American democracy depends on the sanctity of the vote. In the wake of the 2016 election, that inviolability is increasingly in question, but given that there are 66 weeks until midterm elections, and 14 weeks until local 2017 elections, there’s plenty of time to fix the poor state of voting technology, right? Wrong. To secure voting infrastructure in the US in time for even the next presidential election, government agencies must start now.
At Def Con 2017 in Las Vegas, one of the largest hacker conferences in the world, Carsten Schurmann (coauthor of this article) demonstrated that US election equipment suffers from serious vulnerabilities. It took him only a few minutes to get remote control of a WINVote machine used in several states in elections between 2004 and 2015. Using a well-known exploit from 2003 called MS03-026, he gained access to the vote databases stored on the machine. This kind of attack is not rocket science and can be executed by almost anyone. All you need is basic knowledge of the Metasploit tool.
Carsten Schurmann is an associate professor at the IT University of Copenhagen. He is an election technology expert and is heading the DemTech, a research project that investigates how the use of technology in the election process affects voter trust. Jari Kickbusch is a journalist, author and member of the DemTech team. Schurmann and Kickbusch have observed elections in Egypt, Australia, Norway and Estonia, and the United States during 2016 presidential election.
Had Schurmann hacked the WINVote during an election, he could have changed the vote totals stored on the machine, observed voters while they were voting or simply have turned off the machine during voting day to cause havoc. This is not exactly the kind of news that increases public trust in election results. But the really bad news is that since the WINVote voting machine does not provide a paper trail, the manipulations of database would not have been detectable. The same goes for many of the voting machines still in use, which prevent auditors from checking that the votes reflect voter intent.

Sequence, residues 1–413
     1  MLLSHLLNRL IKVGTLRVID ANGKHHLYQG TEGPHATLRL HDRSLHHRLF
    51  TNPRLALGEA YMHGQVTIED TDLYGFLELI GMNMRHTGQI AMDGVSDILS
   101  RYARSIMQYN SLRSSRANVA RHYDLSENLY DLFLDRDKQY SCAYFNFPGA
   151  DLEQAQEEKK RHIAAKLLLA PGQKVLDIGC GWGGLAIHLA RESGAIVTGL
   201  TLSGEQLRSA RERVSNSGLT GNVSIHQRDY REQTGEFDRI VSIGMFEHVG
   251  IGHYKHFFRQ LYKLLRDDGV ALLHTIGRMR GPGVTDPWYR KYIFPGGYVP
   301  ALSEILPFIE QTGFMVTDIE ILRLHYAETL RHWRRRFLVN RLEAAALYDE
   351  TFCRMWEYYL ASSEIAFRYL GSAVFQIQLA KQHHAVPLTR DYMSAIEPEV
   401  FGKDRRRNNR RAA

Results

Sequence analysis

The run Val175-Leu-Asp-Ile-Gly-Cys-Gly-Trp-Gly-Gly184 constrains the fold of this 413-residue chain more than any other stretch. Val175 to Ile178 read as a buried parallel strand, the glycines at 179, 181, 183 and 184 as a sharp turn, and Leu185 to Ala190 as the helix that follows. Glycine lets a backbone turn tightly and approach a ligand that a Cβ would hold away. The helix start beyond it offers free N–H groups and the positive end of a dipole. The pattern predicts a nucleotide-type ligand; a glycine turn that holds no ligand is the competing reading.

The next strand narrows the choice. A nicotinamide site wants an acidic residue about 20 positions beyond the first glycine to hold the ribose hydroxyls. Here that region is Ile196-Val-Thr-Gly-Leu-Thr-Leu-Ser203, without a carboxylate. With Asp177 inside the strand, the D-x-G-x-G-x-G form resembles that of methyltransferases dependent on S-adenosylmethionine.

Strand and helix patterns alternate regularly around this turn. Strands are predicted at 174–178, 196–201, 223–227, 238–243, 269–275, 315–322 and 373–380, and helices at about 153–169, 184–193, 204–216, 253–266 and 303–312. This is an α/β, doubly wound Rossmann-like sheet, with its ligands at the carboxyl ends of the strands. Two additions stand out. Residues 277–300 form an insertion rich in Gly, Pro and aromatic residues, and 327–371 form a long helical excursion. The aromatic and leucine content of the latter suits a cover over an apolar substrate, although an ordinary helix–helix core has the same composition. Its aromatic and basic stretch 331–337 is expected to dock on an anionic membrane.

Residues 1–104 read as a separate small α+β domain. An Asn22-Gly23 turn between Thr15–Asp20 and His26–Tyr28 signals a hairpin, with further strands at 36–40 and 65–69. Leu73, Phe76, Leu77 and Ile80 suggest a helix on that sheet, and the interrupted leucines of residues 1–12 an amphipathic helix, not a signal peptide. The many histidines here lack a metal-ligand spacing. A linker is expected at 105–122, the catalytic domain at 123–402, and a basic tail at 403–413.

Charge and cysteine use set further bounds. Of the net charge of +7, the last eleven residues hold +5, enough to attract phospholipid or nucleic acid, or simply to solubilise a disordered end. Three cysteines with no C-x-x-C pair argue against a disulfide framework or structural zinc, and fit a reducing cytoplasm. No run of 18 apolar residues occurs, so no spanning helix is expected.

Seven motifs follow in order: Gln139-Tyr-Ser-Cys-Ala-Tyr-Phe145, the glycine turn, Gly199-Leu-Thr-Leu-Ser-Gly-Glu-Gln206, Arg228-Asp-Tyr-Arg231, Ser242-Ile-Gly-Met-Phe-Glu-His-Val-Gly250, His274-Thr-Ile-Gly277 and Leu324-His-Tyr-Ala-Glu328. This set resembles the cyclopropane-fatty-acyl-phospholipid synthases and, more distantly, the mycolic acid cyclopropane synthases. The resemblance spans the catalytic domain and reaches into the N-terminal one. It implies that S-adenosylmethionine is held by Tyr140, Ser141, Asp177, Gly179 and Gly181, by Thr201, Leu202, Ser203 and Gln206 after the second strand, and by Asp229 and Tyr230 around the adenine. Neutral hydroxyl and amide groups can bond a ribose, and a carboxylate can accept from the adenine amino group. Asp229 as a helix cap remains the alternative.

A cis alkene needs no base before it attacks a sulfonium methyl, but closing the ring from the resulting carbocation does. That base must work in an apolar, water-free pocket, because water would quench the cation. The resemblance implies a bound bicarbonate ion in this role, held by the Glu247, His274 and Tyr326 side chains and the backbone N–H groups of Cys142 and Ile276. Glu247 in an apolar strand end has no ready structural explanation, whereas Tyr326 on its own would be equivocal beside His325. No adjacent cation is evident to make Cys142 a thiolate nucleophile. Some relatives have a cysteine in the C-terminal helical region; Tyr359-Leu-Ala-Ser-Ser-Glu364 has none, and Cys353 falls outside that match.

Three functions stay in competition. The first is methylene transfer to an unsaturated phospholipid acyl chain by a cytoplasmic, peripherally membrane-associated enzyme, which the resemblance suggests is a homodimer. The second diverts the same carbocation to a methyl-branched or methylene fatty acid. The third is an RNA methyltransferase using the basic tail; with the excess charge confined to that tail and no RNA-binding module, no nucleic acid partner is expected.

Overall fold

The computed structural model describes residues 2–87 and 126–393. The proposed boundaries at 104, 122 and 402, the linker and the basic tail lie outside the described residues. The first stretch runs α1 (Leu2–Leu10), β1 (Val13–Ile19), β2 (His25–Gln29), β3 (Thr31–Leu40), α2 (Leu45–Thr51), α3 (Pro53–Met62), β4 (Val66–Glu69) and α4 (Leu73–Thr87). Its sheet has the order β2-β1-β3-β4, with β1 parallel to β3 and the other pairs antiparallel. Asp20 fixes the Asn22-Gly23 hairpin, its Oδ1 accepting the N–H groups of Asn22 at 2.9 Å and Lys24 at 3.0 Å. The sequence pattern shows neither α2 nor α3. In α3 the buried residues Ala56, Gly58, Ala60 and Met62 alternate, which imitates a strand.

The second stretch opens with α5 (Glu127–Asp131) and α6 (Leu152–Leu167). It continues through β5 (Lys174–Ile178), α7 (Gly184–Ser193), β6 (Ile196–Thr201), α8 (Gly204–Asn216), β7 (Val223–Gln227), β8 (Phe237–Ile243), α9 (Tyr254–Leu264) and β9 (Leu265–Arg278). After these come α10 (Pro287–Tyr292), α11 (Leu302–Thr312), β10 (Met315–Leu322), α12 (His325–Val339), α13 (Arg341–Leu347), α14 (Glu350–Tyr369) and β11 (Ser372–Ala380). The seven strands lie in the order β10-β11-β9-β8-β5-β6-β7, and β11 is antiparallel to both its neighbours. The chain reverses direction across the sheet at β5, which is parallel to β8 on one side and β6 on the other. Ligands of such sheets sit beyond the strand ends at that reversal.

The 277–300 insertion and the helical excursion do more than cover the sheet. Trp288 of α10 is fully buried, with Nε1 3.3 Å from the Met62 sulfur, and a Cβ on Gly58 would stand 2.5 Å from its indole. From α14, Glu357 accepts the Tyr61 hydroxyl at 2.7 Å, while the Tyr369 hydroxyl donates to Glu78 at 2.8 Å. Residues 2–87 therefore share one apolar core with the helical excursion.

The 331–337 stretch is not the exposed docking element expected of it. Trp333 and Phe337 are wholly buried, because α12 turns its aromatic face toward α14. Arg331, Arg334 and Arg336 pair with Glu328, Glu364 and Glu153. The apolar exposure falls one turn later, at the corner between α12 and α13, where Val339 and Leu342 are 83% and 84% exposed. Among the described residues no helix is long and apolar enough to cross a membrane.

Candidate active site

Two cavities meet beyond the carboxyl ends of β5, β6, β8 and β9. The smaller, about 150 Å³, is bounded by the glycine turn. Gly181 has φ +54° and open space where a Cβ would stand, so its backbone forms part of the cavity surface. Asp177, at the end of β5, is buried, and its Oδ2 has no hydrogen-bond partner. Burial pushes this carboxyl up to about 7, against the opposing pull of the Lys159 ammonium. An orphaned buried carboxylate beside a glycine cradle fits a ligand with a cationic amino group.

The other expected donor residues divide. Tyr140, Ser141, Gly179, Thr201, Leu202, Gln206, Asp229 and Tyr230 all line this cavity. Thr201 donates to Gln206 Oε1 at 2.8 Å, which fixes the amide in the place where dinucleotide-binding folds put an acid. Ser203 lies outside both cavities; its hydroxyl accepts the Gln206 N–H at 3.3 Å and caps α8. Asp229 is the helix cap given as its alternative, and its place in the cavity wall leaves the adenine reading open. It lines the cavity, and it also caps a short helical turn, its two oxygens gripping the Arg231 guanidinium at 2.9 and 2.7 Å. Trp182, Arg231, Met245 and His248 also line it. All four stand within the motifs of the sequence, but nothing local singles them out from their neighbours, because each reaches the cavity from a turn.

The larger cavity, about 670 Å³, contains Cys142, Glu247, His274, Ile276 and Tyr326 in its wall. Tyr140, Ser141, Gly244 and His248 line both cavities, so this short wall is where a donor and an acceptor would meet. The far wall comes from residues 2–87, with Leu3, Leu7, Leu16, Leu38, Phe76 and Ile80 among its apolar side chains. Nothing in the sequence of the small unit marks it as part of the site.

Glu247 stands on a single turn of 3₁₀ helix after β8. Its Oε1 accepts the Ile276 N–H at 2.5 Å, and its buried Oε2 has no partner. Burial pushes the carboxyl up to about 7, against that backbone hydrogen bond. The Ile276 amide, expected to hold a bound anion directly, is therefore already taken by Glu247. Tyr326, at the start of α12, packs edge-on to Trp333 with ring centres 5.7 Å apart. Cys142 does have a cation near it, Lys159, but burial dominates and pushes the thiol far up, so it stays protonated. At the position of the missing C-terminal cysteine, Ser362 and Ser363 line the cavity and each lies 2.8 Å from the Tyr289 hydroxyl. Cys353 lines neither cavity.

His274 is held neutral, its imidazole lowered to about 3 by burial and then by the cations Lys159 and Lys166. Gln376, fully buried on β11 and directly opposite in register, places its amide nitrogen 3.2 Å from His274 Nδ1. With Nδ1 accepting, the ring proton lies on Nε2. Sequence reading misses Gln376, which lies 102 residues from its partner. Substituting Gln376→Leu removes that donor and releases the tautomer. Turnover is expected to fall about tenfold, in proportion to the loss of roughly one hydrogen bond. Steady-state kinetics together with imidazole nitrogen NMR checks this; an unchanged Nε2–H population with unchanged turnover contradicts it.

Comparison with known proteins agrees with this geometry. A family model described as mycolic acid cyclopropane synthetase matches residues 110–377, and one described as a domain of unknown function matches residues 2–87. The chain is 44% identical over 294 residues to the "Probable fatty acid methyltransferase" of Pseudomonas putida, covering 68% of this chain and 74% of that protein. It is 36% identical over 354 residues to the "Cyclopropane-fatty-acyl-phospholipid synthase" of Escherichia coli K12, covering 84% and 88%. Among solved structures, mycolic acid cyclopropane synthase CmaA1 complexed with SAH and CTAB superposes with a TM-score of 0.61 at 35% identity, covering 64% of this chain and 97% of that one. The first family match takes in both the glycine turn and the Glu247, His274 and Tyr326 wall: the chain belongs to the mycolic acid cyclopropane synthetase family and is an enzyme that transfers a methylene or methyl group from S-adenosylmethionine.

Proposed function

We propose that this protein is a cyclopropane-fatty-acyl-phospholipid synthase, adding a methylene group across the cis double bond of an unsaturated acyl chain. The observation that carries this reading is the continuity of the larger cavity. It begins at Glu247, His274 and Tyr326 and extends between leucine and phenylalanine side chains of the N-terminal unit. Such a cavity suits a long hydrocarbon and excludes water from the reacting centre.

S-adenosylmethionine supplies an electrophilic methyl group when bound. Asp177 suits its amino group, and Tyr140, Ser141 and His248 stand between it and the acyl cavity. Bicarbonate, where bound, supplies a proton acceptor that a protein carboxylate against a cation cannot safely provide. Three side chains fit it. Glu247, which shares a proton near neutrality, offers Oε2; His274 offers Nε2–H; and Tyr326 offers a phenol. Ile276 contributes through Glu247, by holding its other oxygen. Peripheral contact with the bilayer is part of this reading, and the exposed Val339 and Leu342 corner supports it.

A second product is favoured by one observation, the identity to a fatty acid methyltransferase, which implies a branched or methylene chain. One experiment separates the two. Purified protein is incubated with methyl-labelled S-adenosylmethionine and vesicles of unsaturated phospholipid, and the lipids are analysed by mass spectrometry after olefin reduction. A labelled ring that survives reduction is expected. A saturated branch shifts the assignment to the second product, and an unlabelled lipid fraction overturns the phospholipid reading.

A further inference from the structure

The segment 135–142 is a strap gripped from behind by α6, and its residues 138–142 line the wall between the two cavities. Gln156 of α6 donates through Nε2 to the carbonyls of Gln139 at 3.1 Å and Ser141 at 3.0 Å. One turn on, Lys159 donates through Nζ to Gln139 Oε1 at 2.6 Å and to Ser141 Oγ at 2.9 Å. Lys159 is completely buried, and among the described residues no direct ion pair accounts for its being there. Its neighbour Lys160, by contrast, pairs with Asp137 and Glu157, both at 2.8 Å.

All of this proses a threat against the heart of US democracy. The people responsible for maintaining and updating these outdated and vulnerable devices are obliged to take steps to rectify the shortcomings and to minimize the risk of disruption through cyber-attacks. Reiterating that everything is secure and safe enough will not do. Here are five recommendations on how to tackle this challenge:
1. Retire old and outdated voting machines.
A voting machine is outdated when it has known security holes. For example, other hackers at Def Con 2017 demonstrated that the Diebold Express-pollbook is exposed to the openSSL vulnerability CVE-2011-4109. Outdated voting machines should either be updated or dumped.
Furthermore: We know from history that all voting machines can be hacked. Voting machines that do not produce a voter verifiable audit paper trail should be decommissioned. In the end paper gives election officials a way a deliver a correct result, even if the technology fails due to hacking attacks, system malfunction, or power outages. If cost is prohibitive, revert to pencil and paper or older non-electronic equipment.
2. Secure voter registration systems and voter databases against hacking attacks.
To ensure that hackers cannot steal or alter voter registrations requires that the data is encrypted and that the cryptographic keys are carefully curated. Adjust administrative processes to minimize the risk of data leakage and unauthorized access. Harden the security of the database systems, for example, by deploying them only on secured and dedicated servers.
3. Require risk limiting audits for any precinct that uses electronic voting machines.
A risk-limiting audit is a statistical method to verify an election result and to detect vote tempering independent of the voting machine technology. By picking a truly random sample of the paper trail of suitable size and inspecting it, one can gain confidence in the correctness of the election result.
4. Adjust the rules of procurement and maintenance of election voting systems.
Policies and laws should reflect that voting machines are used in an ever-changing environment, which is under the adversary’s control. Hence a continuous delivery and installation of security patches should be mandatory. An up-to-date voting machine decreases the risks of hackers disrupting the voting day activities.
5. Improve training of polling station staff.
Election officials need to be able to handle cryptographic keys and to protect them in the face of social engineering and other hacking attacks. Most people could master this after attending a one-day workshop, which covers the basics of IT security.
In the current geopolitical climate protecting the election technologies against hacker attacks is tantamount to protecting the integrity of the election. Many counties have already made good progress. In Colorado risk-limiting audits are required and in Maryland paper trails are mandatory. Unfortunately, it seems unlikely that every state can be completely secured within the next 66 weeks. However, taking the first steps toward legislating for risk-limiting audits and hardening the security of the systems in use should be achievable everywhere.